It was found that climate change impacts of the InteSusAl were approximately ten per cent lower than using fossil diesel, with ozone depletion decreasing using the system.
As a result, if the system was to be scaled up, the environmental impacts caused by fossil fuels would be expected to decrease.
Projects such as InteSusAl, and the work done by ExxonMobil and Synthetic Genomics, point towards the potential of using algae as a biofuel in the transport sector.
Further commitments, such as CPI’s work with Green Lizard Technologies and Jeep’s biodiesel move, echo that promise.
However, to quote ExxoMobil’s Vijay Swarup, the use of algae remains a “puzzle to be solved.”
“There are quite a few challenges,” he said.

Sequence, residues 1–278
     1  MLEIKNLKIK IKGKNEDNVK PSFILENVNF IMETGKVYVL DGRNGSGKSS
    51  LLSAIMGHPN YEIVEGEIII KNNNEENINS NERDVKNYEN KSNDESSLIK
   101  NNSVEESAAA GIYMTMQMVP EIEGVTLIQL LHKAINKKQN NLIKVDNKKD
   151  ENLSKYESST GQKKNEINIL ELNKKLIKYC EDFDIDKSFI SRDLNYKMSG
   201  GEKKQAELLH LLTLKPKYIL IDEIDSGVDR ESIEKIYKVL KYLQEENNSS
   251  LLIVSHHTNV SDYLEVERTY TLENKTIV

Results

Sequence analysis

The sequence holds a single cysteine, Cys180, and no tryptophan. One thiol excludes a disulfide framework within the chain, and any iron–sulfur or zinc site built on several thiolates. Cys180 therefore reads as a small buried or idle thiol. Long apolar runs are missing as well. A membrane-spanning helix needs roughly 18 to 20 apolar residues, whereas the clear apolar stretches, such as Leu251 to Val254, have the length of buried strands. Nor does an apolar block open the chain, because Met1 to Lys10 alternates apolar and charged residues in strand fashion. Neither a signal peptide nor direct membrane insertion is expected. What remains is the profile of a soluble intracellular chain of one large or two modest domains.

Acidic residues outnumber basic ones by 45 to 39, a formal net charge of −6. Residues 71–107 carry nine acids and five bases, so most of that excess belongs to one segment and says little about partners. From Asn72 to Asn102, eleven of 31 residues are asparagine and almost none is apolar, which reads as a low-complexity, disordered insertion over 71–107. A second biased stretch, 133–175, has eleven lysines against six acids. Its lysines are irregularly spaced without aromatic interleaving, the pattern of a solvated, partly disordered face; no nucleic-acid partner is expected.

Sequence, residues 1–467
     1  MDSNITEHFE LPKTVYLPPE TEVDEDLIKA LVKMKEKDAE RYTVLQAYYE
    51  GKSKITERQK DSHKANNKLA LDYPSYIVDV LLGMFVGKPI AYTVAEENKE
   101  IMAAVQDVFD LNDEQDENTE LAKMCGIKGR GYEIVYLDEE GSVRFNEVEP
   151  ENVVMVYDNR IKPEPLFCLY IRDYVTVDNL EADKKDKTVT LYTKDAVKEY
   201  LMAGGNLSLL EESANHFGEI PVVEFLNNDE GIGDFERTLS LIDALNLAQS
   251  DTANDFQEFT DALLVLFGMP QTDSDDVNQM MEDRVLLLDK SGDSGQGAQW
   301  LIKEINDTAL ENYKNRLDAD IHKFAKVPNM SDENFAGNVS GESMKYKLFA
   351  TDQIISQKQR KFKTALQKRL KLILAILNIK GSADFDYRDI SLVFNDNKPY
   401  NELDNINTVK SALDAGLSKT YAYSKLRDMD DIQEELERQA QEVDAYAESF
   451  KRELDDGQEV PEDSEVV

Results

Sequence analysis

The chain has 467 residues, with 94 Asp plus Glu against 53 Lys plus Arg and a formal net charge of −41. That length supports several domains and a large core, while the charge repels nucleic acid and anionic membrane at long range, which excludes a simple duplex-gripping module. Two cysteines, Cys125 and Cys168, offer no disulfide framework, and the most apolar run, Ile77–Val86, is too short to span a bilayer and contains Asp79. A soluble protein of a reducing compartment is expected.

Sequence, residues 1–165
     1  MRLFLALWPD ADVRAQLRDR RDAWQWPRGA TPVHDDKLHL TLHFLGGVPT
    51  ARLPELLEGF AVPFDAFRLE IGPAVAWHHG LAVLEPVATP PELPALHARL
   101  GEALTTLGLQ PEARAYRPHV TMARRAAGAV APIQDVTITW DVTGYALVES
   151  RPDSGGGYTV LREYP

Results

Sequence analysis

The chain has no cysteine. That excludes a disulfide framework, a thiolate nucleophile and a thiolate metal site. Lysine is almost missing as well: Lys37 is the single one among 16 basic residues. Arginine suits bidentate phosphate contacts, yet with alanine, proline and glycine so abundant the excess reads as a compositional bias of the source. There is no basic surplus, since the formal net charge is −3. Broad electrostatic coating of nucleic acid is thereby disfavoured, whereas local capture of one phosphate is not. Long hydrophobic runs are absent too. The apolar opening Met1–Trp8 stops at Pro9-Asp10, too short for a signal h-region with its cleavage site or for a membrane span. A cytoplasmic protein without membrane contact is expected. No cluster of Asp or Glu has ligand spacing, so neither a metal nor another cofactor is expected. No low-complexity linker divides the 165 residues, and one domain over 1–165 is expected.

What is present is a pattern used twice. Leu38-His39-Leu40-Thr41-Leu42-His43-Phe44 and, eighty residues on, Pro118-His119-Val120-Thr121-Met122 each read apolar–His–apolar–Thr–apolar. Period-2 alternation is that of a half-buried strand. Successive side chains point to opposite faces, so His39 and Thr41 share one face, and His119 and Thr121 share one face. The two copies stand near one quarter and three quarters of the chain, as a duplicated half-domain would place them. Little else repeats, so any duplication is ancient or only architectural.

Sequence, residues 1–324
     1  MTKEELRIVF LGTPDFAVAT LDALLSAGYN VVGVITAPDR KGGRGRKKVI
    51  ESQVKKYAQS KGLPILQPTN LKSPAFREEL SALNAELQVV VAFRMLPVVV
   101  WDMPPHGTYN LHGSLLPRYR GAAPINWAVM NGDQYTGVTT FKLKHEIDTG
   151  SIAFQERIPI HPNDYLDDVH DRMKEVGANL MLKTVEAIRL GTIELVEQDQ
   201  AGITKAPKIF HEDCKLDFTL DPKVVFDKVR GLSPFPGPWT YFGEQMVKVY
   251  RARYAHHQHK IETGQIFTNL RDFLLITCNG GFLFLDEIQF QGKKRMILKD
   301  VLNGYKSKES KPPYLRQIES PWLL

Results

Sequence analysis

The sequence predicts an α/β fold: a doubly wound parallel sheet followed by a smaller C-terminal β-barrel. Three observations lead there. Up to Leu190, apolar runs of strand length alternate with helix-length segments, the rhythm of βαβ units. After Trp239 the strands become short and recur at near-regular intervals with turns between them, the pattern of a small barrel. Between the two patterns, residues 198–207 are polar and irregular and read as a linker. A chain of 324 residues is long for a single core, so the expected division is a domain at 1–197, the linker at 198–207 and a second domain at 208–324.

“We have to figure a way to get the algae to grow at the rate we want, which requires a fundamental understanding of photosynthesis.
“That means figuring out the right temperature, the right amount of sunlight, and a host of other variables.
“We then have to figure out how to scale this up from the laboratory to the marketplace7.”
It is clear then that while breakthroughs in algae development show its feasibility is well within bounds, further research and development will be paramount if we are to unlock its true potential.
1. International Association of Oil and Gas Producers; Global Production Report 2018
2. Berkeleybiodiesel.org; Usage of Biodiesel Fuel – A Review by Experts;
4. Weaver, L. (2017); How to Make Biodiesel From Algae;
5. Bio-Based World News; Algae, The Super Biofuel That One Day Will Power Our Cars;
6. Bradley, T.; The InteSusAl Project LCA;
7. BExxonMobil; ExxonMobil’s Advanced Biofuels Research;